free trade, whereas the North wanted import duties to protect its own industry. That is why the North, by abolishing 
slavery, hoped to ruin the Southern plantation economy. This conflict is still reflected, to a degree, in the two main 
American parties: 

the Republicans, conservative and opposed to involvement abroad - except in Latin America, where Republicans 
have always supported conservative dictators - ("Isolationists"), are traditionally the party of the "old rich" i.e., those 
who became rich in the North between about 1750 and 1850, and who constitute part of "Old Money" which 
includes those who "made it" up to the 1920s or, in fact, all second-generation (very) rich (inheritors) 

the Democrats, the traditional party of the South, are in favour of investments abroad (which also has meant wars 
overseas) and of tolerance (as early as 1928 they had a Catholic presidential candidate). Their liberal tradition of free 
trade was enlarged to a generally more progressive outlook, which included social reforms after they had absorbed the 
Populist movement of around 1900. Thus, they have won the votes of the newly immigrated, the poor, and the 
Blacks. For the last decades they have been fighting racial discrimination. 

However, since the (mid-)1990s, the majority of states of the "Old South" has voted predominantly Republican: with 
modern (trans-national) economy (electronics – armament) investing heavily in the South - on the condition that labor 
legislation remained weak there -, racial relations having relaxed, and "fundamentalist" religious life being intensified, 
Southern right-wing attitudes changed from racialism to a conservatism defending property (acquired in the new boom) 
and "traditional" moral values; among these, however, the specifically American one of isolationism was abandoned by 
(the more flexible among) Republicans, as it had become unsuitable in the age of global enterprise. "Old" Republicans are 
still predominant in the Mid-West ("middle America"), whereas the liberal Pacific states and the "enlightened" North-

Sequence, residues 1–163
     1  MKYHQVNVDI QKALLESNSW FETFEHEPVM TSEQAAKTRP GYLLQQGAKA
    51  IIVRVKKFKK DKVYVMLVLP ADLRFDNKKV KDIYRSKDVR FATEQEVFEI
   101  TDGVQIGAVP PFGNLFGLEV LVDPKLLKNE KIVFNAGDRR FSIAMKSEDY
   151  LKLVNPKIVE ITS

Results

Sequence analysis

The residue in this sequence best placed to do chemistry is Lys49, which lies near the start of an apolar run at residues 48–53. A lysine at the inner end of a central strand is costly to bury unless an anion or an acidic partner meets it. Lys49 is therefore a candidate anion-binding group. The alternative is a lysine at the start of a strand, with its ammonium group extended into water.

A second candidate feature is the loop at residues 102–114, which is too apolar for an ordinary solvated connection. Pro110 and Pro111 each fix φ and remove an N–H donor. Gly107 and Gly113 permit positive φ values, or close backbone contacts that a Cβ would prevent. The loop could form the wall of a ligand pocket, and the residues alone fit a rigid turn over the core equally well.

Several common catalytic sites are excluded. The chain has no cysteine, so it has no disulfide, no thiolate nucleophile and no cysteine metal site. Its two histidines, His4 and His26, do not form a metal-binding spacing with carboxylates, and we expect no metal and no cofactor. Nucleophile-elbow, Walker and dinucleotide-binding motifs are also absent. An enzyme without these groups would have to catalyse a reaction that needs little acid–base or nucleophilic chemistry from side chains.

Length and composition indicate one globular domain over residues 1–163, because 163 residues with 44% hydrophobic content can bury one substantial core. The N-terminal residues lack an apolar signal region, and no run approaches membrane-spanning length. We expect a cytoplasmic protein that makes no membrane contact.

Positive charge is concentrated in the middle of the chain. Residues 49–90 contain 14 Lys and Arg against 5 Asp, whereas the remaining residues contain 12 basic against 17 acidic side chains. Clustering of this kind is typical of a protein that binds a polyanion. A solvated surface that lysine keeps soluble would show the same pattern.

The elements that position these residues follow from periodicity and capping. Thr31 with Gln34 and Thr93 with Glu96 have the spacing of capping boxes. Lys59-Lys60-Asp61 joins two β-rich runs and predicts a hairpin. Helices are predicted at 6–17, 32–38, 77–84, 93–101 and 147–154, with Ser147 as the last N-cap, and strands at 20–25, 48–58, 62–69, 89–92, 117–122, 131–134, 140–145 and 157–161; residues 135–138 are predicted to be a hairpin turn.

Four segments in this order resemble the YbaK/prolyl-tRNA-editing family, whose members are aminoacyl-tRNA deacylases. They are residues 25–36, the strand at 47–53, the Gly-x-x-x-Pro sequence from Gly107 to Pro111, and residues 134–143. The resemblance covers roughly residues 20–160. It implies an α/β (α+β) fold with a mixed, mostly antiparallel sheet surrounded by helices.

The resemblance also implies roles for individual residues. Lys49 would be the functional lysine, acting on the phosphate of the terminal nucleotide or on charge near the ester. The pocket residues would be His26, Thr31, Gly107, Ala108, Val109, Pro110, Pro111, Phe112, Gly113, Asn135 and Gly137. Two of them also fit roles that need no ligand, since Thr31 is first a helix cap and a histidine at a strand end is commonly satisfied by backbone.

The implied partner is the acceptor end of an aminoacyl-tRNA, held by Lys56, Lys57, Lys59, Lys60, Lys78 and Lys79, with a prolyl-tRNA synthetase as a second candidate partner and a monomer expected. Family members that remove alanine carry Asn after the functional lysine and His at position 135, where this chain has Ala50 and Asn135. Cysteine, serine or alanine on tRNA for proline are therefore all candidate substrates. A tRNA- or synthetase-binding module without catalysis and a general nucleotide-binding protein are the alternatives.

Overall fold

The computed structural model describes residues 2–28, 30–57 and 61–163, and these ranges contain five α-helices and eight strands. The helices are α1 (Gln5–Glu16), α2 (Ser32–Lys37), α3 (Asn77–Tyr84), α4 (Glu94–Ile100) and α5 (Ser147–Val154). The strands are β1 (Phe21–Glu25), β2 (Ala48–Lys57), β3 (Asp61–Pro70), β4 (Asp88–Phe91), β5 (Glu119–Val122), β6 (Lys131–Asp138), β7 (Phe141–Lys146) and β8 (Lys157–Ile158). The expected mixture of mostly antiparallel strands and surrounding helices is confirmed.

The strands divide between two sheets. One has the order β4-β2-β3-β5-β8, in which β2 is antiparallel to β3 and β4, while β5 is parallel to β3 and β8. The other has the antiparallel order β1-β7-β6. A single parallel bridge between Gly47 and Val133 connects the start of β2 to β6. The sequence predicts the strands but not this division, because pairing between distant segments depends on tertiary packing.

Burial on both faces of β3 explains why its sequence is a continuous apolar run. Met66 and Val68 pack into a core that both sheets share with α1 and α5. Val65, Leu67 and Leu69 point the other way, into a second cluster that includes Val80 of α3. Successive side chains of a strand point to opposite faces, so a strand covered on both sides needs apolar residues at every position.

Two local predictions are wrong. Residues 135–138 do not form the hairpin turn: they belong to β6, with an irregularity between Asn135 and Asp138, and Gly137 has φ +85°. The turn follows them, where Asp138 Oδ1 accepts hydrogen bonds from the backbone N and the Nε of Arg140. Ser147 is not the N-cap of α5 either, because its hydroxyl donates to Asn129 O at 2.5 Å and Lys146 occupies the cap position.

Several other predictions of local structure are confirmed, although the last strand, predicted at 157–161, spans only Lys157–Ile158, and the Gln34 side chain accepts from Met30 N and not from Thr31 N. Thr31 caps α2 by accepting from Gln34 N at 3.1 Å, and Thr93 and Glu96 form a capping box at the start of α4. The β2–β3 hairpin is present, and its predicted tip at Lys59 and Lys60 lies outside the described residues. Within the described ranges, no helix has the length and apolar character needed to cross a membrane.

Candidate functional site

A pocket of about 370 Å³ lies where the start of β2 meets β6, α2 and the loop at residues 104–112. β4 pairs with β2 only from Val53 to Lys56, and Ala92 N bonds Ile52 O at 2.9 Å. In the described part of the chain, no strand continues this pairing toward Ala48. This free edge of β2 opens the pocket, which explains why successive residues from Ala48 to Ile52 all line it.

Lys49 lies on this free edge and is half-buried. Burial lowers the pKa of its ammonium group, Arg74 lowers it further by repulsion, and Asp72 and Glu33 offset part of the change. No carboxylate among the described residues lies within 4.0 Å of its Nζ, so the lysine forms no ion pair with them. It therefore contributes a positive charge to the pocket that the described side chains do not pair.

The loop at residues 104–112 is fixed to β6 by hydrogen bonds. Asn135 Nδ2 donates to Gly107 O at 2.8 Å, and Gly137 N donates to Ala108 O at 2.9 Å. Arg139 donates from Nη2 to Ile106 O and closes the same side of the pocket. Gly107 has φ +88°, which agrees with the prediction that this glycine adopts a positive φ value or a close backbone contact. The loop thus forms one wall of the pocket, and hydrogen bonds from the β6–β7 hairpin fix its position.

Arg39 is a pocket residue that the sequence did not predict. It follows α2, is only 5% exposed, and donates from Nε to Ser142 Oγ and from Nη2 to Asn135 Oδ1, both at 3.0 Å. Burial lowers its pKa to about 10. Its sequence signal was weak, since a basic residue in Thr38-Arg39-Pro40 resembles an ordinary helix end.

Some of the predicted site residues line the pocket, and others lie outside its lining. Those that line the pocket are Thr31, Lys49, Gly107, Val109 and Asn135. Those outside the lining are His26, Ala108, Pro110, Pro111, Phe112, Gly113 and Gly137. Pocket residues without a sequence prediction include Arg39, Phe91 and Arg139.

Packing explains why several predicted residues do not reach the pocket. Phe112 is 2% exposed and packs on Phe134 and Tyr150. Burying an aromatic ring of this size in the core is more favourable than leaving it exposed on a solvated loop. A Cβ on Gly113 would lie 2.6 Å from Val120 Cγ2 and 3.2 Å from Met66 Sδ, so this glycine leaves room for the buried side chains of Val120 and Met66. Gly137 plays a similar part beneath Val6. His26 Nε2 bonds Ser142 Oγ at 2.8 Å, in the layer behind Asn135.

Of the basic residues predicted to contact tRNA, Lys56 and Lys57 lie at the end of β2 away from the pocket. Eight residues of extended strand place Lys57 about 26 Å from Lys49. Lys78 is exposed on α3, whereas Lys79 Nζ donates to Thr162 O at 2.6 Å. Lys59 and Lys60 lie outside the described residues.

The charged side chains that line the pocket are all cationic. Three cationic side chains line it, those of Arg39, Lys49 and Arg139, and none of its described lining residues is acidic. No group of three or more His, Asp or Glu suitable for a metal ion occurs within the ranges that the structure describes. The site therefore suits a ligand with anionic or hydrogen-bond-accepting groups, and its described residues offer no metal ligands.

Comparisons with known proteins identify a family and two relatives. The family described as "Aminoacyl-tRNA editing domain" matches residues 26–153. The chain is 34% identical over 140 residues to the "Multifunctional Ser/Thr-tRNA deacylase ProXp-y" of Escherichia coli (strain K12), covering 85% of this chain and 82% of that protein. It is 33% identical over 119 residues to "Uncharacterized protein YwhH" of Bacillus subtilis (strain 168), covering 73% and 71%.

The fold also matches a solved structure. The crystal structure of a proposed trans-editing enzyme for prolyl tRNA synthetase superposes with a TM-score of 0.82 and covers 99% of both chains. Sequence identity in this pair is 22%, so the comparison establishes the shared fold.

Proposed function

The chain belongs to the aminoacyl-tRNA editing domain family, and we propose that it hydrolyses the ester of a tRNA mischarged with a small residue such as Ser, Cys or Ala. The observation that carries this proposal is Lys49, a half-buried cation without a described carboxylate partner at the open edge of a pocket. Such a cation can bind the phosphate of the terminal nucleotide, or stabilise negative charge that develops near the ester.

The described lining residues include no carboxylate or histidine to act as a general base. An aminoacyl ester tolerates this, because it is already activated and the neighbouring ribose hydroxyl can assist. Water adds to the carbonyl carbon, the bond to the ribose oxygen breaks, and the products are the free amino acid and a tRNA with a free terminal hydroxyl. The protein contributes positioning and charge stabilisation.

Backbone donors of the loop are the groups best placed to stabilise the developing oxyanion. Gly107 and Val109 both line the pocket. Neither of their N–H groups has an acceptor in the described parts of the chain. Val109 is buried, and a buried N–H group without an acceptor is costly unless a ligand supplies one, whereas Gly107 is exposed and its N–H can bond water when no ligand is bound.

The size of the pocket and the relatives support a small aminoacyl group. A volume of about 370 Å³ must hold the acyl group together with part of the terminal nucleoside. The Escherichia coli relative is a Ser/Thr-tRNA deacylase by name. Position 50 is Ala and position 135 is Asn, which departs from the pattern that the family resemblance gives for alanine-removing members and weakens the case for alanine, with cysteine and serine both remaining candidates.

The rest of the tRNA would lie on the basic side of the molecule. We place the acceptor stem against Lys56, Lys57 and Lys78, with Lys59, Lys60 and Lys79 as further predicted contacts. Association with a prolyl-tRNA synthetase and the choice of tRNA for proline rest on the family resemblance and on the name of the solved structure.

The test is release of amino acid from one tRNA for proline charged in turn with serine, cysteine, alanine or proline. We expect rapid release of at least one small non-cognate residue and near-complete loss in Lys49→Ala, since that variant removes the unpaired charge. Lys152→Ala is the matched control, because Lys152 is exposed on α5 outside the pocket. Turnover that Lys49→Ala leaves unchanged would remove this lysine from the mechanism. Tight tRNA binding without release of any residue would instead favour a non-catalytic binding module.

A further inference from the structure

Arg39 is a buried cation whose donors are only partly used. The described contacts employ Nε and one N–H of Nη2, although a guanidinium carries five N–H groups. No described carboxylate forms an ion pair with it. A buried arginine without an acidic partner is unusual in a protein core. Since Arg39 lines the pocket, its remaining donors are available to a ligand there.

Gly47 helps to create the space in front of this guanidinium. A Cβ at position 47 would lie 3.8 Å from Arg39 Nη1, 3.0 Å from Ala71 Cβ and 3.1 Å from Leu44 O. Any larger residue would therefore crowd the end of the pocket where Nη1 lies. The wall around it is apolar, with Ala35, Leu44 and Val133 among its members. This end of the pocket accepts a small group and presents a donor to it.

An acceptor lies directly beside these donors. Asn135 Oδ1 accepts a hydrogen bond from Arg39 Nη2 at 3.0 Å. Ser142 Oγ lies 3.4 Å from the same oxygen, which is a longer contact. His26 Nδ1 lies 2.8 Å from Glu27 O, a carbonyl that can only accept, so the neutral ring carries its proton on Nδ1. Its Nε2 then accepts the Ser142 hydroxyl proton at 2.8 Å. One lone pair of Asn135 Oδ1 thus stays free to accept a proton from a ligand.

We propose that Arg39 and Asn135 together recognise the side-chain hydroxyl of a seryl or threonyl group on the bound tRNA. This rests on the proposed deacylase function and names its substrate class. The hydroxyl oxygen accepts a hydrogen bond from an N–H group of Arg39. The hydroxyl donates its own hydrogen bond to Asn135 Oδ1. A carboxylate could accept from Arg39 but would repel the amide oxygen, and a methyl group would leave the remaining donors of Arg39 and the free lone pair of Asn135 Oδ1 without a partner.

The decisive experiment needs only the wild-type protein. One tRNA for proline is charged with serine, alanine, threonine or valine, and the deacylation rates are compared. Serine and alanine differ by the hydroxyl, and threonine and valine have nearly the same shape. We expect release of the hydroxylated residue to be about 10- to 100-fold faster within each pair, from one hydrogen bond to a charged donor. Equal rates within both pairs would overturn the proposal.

East (New England), where isolationism had partly been given up before World War I and certainly after World War II, 
favour the Democrats. 
VIII. U.S. (New York) Population 
The Black slaves were rounded up in Africa for the plantations in the Southern states of North America and in the West 
Indies. Today, Afro-Americans and Puerto Ricans (white immigrants from the island of Puerto Rico, a U.S. possession in 
the Caribbean, conquered from the Spanish at the beginning of the 20
 century) form the poorest part of the population 
in the U.S., apart from the Mexican immigrants and the Indians. These people live in slums, e.g., Blacks - called 
"Coloureds" for a while (≠ the Coloureds of South Africa!); now even "Blacks" is regarded as "politically incorrect" by 
those who try to impose "African American" - and Puerto Ricans (the latter almost exclusively) in Harlem (New York), 
whose slum area is expanding ("West Side Story" - i.e., down west of Central Park = upper West Side; Lower West Side: 
Irish; cf. East Side: Lower, with poor Eastern European Jews and Central/Eastern Europeans (Slavs or 
German/Yiddish-speaking), today deserted or "resettled" as an extension of Chinatown, with sweat-shops for 
(Manhattan, around 50
 St.) garment business ; upper East Side more well-to-do , Germans). They cannot find 
employment and become prone to crime. - There is far less social security than in most European countries. 
IX. The African American 
Slavery (v. Suppl. 4. Kl.) was accepted by Northern Puritans as well as by Southerners - the first African slaves arrived in 
1619, before the "Mayflower people" -, although it was really important for the plantations of the South only. The 
Quakers were among the few to protest against slavery from the beginning, and Philadelphia had one of the oldest 
communities of free Blacks (middle-class, around 1830). First signs of resistance came from Gabriel Prosser who led a 
rebellion of Virginian slaves in 1800, from Nat Turner (died in 1831), and immediately preceding the Civil War, from 
Elijah Lovejoy and John Brown, who died for their convictions - the former being killed by a mob angered by his 
abolitionist articles, the latter executed for attacking the army depot at Harper’s Ferry (cf. chapter dealing with the Civil